Ishmael is faced with hard choices as he remembers and comes to terms with his own pain and suffering. By  facing his demons, he redeems himself and those that were torn apart by the war and heals some of the racial scars in the community. While this is no fairy-tale, it’s sublime and profound in its way. A quiet story – the snow that falls throughout the film ads much to the ambience, and the Pacific Northwest scenery is like a supporting actor in itself. Max von Sydow is just right in his portrayal of the defense lawyer – he’s such a huge talent and I was sorry he didn’t get an Oscar nod for his supporting performance in this film. It’s is a great story, a beautiful, haunting, winter movie. I’m sorry my Father never got to read the book or see the movie, I’m sure he would have loved them both.

Released: 7 January 2000
Director: Scott Hicks
Ethan Hawke – Ishmael Chambers
Youki Kudoh – Hatsue Miyamoto
Max von Sydow – Nels Gudmundsson
Sam Shepard – Arthur Chambers
Score: James Newton Howard
Book: David Guterson

Role Models

December 7th, 2009

S: Okay, I have a secret. On the weekends, I hang out with people that dress up and hit each other with stuff. I have to disclose this, because I understand Augie’s world really well, and sometimes I get swept up in it just like he does, and other times, I think it’s just as goofy as Danny does. While we don’t have a dude dressed up like a Centaur, we do have our eccentricities. One of the things I loved about Role Models, is how it both makes fun of misfits, and sympathizes with them, even appreciates them.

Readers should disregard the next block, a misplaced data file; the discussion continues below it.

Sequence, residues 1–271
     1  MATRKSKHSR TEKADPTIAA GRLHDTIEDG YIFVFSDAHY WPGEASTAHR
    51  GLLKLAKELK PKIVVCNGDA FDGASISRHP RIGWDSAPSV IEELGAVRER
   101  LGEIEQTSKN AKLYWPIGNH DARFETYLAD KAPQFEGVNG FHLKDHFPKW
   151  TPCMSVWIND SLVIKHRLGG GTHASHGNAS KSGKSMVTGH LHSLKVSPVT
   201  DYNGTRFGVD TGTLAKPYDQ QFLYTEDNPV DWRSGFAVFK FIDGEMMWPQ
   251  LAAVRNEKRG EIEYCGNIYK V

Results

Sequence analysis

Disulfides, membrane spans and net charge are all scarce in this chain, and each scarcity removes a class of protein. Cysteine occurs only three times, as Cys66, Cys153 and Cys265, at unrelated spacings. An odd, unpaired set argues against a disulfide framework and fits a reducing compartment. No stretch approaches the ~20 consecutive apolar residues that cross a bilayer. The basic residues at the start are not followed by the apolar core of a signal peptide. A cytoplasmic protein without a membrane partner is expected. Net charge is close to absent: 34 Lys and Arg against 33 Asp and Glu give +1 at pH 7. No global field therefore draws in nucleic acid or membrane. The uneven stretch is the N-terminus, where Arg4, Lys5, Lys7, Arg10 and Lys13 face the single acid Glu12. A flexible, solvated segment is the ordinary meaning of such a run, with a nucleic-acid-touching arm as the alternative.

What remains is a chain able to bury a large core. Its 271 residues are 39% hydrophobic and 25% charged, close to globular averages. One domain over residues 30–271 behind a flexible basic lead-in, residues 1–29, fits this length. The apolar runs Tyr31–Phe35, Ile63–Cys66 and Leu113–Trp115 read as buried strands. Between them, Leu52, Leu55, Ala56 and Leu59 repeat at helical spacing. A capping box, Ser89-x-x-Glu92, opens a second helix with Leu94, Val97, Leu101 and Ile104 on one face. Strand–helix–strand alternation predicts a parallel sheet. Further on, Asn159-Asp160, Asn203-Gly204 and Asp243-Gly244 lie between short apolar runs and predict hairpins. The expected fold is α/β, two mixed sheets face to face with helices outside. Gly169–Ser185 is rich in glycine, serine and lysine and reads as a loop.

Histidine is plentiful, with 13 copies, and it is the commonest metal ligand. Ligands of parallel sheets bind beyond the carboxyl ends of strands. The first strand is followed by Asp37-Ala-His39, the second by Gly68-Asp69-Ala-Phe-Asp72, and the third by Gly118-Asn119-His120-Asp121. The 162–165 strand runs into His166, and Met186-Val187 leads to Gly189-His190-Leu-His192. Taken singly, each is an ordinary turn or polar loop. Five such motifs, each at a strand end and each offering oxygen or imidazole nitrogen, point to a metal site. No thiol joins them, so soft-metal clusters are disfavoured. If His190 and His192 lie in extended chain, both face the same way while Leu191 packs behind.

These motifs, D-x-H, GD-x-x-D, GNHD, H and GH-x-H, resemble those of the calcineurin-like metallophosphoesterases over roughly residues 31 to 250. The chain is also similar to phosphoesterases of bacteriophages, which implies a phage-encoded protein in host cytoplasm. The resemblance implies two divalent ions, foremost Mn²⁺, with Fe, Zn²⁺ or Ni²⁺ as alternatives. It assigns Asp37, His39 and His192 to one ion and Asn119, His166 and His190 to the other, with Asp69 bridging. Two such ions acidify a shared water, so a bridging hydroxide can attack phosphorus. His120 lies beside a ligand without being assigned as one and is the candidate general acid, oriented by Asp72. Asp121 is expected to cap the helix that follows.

Danny Donahue (Paul Rudd) is finding that being a cynic is making his life more and more difficult. He is grouchy and lacks enthusiasm for his job, his life, and his relationship. His co-worker, Wheeler, is a “dude” who thinks he’s Danny’s friend and is always on the lookout for a good time. When Danny freaks out at the breakup of his relationship and gets in trouble with the law – and takes Wheeler with him – the only option they have is jail, or going into community service (a big brother/sister organization called Sturdy Wings).

Of course, they get paired with two kids that are misfits in their own way. Augie, who is in a live action role-playing group, and Ronnie, a foul-mouthed kid who likes boobies and has gone through numerous “bigs” until paired with Wheeler. At first Danny and Wheeler are just trying to log enough hours so that they can stay out of jail, but eventually they care about their charges and get involved in their lives. The end is a big war with all of Augie’s role-playing allies and enemies, and the only way they can succeed is to work together. The movie is in the same vein as 40 Year Old Virgin, Knocked Up, and The Hangover, and even though those movies are hilarious, this movie has something more. I think it has a heart – as the boys learn something from these two seemingly worthless adults, the adults learn things from the boys as well. In a world where none of these four people can depend on anyone, they learn to depend on each other – but instead of it being some Disney-like feel good movie, this one is full of profanity, fart jokes, and Kiss makeup. I love it.

I can recommend it heartily!!!